24 April 2011

Looted art in Italy

Although the more than 48 postwar Italian governments have been focused largely on what the Germans removed from Italy during their two-year occupation of the country, little attention has been paid to looted art entering the Italian art market from Western Europe, Switzerland, and Austria.

Italian art dealers are an expert lot with ties to galleries, museums, and collectors around the world, namely in Europe and the Americas. Despite the rise to power of Benito Mussolini in 1922 and the instauration of a Fascist government, normal trade relations and cultural exchanges persisted well into the 1930s between the new Italy and its neighbors, even as far away as the United States.

After the German invasion of Western Europe in spring 1940 and the systematic plundering of hundreds of Jewish collections that ensued over the next four years, Italian galleries were busily entering into the fray as possible avenues of recycling loot. Capitalizing on their privileged relations with art experts and museum officials from Nazi Germany, these Italian dealers were only too glad to be paid in kind with modernist and especially Impressionist works, in exchange for which they offered Italian and other Old Masters to German agents. Italian dealers like Ventura and Bonacossi were more than willing to adapt to the German way of trading art: My Bellotto for 2 Monets. Joke aside, this is as close to the truth as one can get when it comes to these exchanges.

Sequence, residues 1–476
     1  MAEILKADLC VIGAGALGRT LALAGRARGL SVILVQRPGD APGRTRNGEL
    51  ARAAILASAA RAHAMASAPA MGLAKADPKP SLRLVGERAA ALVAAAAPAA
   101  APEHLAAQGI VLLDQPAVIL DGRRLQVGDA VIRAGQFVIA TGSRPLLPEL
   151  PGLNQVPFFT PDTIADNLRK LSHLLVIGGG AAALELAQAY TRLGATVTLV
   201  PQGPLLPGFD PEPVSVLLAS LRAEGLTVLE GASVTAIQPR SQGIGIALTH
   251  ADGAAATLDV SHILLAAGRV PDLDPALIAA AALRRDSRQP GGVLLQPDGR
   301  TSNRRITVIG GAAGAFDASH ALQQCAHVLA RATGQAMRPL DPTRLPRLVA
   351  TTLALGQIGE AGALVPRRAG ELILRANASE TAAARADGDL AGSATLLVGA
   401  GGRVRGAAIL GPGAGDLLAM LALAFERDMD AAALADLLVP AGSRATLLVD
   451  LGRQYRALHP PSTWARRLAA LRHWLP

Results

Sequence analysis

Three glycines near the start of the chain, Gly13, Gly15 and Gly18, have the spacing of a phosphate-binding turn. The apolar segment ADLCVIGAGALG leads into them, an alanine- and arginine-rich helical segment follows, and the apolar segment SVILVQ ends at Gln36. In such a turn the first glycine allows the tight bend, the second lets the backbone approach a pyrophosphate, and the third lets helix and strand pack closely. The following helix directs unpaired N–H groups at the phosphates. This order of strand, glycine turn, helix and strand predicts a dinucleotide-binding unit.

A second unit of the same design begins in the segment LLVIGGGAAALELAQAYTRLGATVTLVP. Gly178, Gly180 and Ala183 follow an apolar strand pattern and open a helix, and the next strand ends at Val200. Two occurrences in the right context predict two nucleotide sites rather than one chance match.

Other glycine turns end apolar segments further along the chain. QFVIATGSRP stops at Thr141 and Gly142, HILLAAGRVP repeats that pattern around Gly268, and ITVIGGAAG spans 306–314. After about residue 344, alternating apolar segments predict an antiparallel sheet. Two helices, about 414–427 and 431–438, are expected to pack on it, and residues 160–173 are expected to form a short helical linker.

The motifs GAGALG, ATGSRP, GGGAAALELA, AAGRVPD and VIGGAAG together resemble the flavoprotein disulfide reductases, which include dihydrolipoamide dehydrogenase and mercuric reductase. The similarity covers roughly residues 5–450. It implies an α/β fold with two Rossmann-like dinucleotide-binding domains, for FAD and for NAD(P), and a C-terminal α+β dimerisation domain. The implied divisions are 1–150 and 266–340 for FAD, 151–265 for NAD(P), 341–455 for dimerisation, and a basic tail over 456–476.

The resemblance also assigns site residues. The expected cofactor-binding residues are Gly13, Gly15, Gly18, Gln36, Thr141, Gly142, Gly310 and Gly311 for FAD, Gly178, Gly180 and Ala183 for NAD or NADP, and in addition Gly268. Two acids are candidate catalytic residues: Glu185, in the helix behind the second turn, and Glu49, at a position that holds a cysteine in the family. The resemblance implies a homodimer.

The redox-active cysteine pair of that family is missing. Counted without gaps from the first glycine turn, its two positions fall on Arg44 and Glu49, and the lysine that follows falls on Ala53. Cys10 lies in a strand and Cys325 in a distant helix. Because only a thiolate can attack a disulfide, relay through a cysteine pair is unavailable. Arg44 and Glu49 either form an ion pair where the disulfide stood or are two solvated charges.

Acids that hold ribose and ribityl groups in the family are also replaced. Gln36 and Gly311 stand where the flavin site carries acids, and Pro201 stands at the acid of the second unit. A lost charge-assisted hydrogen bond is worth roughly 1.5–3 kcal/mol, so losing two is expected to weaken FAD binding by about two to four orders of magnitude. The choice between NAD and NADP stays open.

The following works were used to pay off Italian dealers in exchanges brokered by Goering’s favorite art specialist, Walther Andreas Hofer:

A painting by Sisley belonging to the Lindon family in Paris;

Three paintings by Monet, one belonging to Lindon, the other two to Paul Rosenberg;

One painting by Renoir belonging to Paul Rosenberg;

One painting by Degas belonging to Paul Rosenberg;

One painting by Cézanne belonging to Alphonse Kann of Saint-Germain-en-Laye.